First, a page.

WHILE millions of Americans were losing their jobs, the stock market in April produced its best monthly return in over 30 years.
In the past eight weeks, 36 million Americans have filed unemployment claims. The US gross domestic product (GDP) plunged by 4.8% in the first quarter of this year, yet the US stock market surged by 13.2% in April, the largest monthly increase since 1987.
“Although this may seem unintuitive, there is, in fact, a large body of evidence which shows that there is a very weak relationship between equity returns and economic growth. You should not expect the two to move in tandem, ” says Schroders strategist, research and analytics Sean Markowicz.
He says several factors explain this behaviour. Firstly, markets are forward-looking.
The most important reason is that a company’s stock market value can be thought of as the present value of all its future earnings. These are related to economic growth but not on a one-to-one basis. “Its value reflects what is happening right now, but also what is forecast to happen next year, the year after, and so on. Stock markets are forward-looking.
“In contrast, much economic data tells you about what has happened in the past, ” explains Markowicz in his Talking Point report for May.
To give an example, GDP growth figures are not released until after the quarter has ended. This means any news that impacts profit expectations can move the market before it hits companies’ bottom lines.
“This is exactly what has happened this year. US stocks fell by 24% in the first three months of the year in anticipation of the economic slump that has subsequently been realised. A lot of bad news was already priced in when we entered April, ” he says.
Similarly, while it is easy to be fixated on the current dire situation, this is not expected to continue indefinitely.
As they reflect all future earnings of a company, stock prices not only capture the near-term negative outlook, but also a subsequent recovery (even if the shape of that recovery is open to much debate).
Besides stock prices being forward looking, there has also been an additional catalyst which has spurred markets higher in recent weeks. This has led to an even greater disconnect between the market and economy.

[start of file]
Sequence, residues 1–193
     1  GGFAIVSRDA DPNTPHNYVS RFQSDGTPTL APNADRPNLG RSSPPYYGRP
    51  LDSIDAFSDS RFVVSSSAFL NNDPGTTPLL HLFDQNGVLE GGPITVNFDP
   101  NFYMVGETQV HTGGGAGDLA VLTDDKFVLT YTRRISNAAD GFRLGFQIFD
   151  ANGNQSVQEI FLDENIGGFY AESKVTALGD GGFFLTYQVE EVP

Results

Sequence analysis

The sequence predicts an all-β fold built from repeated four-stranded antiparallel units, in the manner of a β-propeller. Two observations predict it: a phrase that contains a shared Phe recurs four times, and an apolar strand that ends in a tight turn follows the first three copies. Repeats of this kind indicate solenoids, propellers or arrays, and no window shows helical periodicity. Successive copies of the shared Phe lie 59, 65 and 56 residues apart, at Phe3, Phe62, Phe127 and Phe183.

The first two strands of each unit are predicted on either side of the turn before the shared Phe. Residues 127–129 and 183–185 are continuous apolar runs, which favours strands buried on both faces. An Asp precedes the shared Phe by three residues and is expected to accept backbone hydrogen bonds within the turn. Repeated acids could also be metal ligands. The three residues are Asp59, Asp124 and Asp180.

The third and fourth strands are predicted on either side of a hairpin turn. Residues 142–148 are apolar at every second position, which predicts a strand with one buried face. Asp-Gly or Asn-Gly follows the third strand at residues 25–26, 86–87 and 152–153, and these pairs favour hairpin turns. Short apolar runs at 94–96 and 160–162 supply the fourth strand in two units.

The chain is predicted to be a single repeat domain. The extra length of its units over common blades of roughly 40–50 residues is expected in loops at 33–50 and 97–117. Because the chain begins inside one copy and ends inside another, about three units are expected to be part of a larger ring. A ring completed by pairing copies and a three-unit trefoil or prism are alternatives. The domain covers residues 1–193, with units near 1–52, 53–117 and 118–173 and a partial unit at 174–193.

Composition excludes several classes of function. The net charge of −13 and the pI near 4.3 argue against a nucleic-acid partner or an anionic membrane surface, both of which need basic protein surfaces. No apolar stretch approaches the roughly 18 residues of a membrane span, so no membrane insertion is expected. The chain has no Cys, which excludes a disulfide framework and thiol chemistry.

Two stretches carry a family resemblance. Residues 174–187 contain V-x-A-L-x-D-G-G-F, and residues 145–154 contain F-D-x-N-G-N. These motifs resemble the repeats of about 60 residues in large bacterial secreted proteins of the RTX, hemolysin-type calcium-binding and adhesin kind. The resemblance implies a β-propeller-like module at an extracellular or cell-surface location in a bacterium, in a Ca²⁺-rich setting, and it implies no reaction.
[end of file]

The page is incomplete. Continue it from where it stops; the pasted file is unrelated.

This catalyst is the huge stimulus package that central banks and governments have unleashed.
The US Federal Reserve has slashed short-term interest rates to zero, pledged to buy government bonds in unlimited amounts, and to buy specified quantities of investment grade corporate debt and high yield exchange-traded funds.
“This has been paired with a large fiscal response, including the expansion of unemployment benefits, direct money transfers and loans to small businesses.
“The unprecedented measures have helped shore up stock prices by boosting market liquidity, lowering the cost of borrowing, providing financing to corporates and raising business confidence, ” says Markowicz.
Lower interest rates are also positive for markets because they increase the value of future earnings that would accrue to shareholders. When this happens, stock prices tend to appreciate in value.
Does this mean we are out of the woods?
Unlikely, says Markowicz.
Despite all the liquidity sloshing around, that may not be enough to keep businesses afloat and get consumers to start shopping again.
Revenues are likely to remain under pressure for the foreseeable future. Entire industries are exposed. Many companies are likely to struggle to afford debt repayments, increasing the risk of a wave of defaults and bankruptcies.
“With few companies offering earnings guidance amidst the economic uncertainty, markets could be due for another correction if things turn out to be worse than expected, ” he added.
It is also worth remembering that, although markets have partially recovered losses at the index level, this is not true for all sectors.
Depending on their economic sensitivity to the lockdown, there are clear winners and losers emerging. The next phase could well see this trend of diverging fortunes persisting. Investors need to remain on guard.
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